Marijuana Breathalyzers?!

Hound Labs, Inc. purports to be

"a scientific device company that developed the first technology to rapidly, accurately, and inexpensively detect and measure the levels of both marijuana and alcohol in a person's breath."

The corporation was formed in Oakland and was co-funded in 2014 by Dr. Mike Lynn, an ER physician, reserve deputy sheriff, and former venture capitalist and Mr. Kuni Oh, a patent attorney. They both additionally claim that they possess a "deep technical background in engineering and science."

They have created a breathalyzer that can detect the presence of marijuana on the breath molecules and calculate the amount of marijuana that had been ingested/smoked. This device is also alleged to be the least invasive way to measure both the amount of alcohol and/or the amount of marijuana in a person's breath simultaneously. In light of the June 2016 Supreme Court Decision where the justices decided that no warrant would be needed to execute a breath test but would be needed for any blood tests, this machine could assist law enforcement with their attempt at determining whether or not someone is driving under the influence.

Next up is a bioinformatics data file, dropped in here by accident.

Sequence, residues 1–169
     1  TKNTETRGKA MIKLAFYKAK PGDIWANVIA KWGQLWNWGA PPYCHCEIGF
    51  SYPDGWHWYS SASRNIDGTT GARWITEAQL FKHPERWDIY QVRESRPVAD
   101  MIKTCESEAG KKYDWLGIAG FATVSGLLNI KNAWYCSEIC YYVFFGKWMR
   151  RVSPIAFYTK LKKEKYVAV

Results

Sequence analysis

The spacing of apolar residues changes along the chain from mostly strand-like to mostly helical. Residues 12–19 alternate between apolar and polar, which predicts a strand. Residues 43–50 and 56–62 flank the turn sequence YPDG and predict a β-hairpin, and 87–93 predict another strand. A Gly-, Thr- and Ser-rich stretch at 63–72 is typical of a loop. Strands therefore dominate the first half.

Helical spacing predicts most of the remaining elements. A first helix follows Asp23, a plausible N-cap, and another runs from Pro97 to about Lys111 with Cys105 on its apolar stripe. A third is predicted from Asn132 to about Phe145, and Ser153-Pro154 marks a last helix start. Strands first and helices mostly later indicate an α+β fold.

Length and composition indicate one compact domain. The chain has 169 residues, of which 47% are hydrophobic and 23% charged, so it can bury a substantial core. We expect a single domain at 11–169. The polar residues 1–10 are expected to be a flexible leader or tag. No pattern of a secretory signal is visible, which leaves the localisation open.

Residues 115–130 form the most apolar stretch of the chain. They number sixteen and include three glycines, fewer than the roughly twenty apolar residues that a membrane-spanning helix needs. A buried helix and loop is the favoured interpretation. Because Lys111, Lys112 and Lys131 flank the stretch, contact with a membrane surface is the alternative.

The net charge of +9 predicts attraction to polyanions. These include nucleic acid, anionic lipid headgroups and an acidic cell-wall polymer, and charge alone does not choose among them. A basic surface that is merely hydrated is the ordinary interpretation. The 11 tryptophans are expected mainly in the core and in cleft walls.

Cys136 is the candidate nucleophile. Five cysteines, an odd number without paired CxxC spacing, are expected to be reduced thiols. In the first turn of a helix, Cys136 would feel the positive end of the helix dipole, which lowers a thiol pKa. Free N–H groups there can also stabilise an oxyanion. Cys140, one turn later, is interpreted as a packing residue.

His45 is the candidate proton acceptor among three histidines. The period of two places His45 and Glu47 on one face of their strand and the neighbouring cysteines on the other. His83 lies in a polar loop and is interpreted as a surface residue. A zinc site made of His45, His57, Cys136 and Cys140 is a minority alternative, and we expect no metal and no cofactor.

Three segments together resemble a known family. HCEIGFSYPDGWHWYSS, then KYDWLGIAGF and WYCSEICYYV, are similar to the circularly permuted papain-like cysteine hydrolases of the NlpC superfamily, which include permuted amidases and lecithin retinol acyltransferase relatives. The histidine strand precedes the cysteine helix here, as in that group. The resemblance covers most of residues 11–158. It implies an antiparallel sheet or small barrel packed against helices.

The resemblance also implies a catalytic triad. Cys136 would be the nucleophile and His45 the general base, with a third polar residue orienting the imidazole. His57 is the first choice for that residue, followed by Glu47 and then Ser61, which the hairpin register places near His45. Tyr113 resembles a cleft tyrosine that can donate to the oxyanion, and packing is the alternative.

Dr. Lynn founded this lab because he is passionate about deterring impaired driving and specifically identifies "the issue of marijuana-impaired driving [to be] compounded by the fact that there's no device on the market today that accurately detects and measures recent marijuana use. No portable device has been able to consistently measure THC in breath because of the tremendous analytical challenge in measuring THC at such low levels."

With litigation pending in Washington and in Massachusetts (Commonwealth v. Evando Ananias et al.) challenging the accuracy of the readings that breath test machines provide, it begs the question of whether the Hound Labs device is based off the same scientific principles. As this machine is only in trial stages at various law enforcement agencies and not currently on the market for sale, time will only tell if this machine will assist in the company's founders goal to deter marijuana impaired driving.

Scientific American has told us not to 'hold our breaths' and that

"although many researchers and companies dream of fielding a roadside test for driving under the influence of cannabis, such a product may still remain years away from practical service use. Millions of dollars' worth of speculative research will likely be needed to correlate data about consumption amounts with actual driver impairment. And the issue of stoned driving remains enormously complex, with experts still highly uncertain about marijuana's precise effects on cognition and competence."